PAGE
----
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  1. Can someone explain the difference between them?

  2. Also, when trying out:

datatype exp = Const of real | Pair of exp * exp;

val my_exp_2 = Pair(Const(1.2),Pair(Const(9.0),Const(2.0)));

The interpreter gives:

val my_exp_2 = Pair (Const 1.2,Pair (Const #,Const #)) : exp

Why does the # symbol appear there?

Thanks!

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3  
Read the # as ... -- there are more nested expressions there, but the printer abbreviates them for readability. If this is SML/NJ, you can set e.g. Control.Print.printDepth := 10 to adjust it. –  Andreas Rossberg Jun 15 '12 at 16:36

1 Answer 1

up vote 5 down vote accepted

A recursive datatype is a datatype, which uses itself in its definition.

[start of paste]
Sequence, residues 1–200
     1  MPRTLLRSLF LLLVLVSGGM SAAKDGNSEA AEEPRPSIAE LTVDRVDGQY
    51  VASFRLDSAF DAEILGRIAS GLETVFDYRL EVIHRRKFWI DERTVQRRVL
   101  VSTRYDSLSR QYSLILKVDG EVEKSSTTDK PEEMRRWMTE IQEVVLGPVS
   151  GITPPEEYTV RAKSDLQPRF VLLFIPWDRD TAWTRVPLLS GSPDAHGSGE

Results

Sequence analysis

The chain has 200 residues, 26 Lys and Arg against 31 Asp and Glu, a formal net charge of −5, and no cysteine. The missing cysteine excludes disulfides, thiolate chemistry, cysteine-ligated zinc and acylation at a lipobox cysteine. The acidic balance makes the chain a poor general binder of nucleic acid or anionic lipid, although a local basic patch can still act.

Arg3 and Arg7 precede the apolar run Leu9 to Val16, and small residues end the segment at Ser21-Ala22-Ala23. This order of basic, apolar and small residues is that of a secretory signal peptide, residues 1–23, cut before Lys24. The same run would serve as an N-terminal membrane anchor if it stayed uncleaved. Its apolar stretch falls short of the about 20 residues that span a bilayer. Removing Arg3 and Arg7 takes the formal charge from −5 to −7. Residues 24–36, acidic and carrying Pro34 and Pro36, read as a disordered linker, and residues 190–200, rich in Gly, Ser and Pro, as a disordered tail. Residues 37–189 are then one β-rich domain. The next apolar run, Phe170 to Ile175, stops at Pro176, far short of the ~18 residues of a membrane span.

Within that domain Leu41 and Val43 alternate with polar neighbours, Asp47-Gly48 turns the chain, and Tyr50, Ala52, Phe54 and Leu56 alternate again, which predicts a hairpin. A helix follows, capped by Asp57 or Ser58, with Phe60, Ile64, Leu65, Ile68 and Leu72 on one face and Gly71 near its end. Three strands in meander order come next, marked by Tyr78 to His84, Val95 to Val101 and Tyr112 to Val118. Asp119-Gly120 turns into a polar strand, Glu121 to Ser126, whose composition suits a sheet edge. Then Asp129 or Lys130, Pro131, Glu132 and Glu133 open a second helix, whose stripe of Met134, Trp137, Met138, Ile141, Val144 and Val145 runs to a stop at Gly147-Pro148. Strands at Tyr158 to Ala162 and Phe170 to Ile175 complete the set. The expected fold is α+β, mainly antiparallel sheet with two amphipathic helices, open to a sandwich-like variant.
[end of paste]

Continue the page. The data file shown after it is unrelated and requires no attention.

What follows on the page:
An example of this could be:

datatype intlist = IntNil
                 | IntCons of int * intlist

Notice how intlist is used in the definition of the IntCons value constructor.

val ls = IntCons(5, IntCons(6, IntNil));

Notice how IncCons contains another list value in this example.

A polymorphic datatype is a datatype, where one or more of the value constructors can contain a polymorphic value.

For instance, you could look at:

datatype 'a pair = Pair of 'a * 'a

Here, 'a is a type variable, and as such the constructor can be used on values of any type. Example:

val pairInt = Pair(1, 5);
val pairStr = Pair("Hello", "Goodbye");
val pairChr = Pair(#"x", #"y");

These two things are often combined into polymorphic recursive datatypes, as is done for normal lists:

datatype 'a mylist = MyNil
                   | MyCons of 'a * 'a mylist;

This is both polymorphic and recursive, as can be seen in these examples:

val listInt = MyCons(5, MyCons(6, MyNil));
val listStr = MyCons("abc", MyCons("def", MyNil));
val listChr = MyCons(#"a", MyCons(#"b", MyNil));
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